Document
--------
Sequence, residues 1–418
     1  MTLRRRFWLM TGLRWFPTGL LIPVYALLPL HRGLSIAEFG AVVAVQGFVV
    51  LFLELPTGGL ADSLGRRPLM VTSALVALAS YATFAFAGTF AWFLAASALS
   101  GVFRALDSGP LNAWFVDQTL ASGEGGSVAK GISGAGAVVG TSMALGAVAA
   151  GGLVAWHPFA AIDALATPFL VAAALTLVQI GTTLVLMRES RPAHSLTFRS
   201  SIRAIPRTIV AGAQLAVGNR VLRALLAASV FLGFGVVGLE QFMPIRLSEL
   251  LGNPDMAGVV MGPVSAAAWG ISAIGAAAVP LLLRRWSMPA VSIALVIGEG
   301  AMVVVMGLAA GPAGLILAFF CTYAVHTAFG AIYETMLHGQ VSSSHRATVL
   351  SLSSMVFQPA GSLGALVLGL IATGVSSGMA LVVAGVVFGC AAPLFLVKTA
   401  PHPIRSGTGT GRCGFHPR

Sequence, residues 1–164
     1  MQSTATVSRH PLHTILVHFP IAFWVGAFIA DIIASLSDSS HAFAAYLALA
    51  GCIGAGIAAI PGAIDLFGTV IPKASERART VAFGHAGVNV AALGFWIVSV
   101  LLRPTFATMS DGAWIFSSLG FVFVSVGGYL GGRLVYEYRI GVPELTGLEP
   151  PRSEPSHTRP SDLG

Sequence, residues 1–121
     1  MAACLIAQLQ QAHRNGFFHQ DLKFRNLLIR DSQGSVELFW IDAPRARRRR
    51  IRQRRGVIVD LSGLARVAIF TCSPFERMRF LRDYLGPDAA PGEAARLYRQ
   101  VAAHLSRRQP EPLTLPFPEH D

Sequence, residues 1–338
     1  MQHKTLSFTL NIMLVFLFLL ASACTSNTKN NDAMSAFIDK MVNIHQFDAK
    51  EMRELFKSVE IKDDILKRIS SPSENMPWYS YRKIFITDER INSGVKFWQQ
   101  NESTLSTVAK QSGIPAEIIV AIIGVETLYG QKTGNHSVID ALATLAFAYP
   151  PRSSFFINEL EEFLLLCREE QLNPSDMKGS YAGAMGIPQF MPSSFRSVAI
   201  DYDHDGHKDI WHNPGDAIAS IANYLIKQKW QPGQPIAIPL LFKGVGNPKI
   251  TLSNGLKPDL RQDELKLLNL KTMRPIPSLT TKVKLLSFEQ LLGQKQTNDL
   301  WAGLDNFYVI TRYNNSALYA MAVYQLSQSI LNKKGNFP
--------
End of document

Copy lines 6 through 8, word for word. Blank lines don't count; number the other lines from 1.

   201  SIRAIPRTIV AGAQLAVGNR VLRALLAASV FLGFGVVGLE QFMPIRLSEL
   251  LGNPDMAGVV MGPVSAAAWG ISAIGAAAVP LLLRRWSMPA VSIALVIGEG
   301  AMVVVMGLAA GPAGLILAFF CTYAVHTAFG AIYETMLHGQ VSSSHRATVL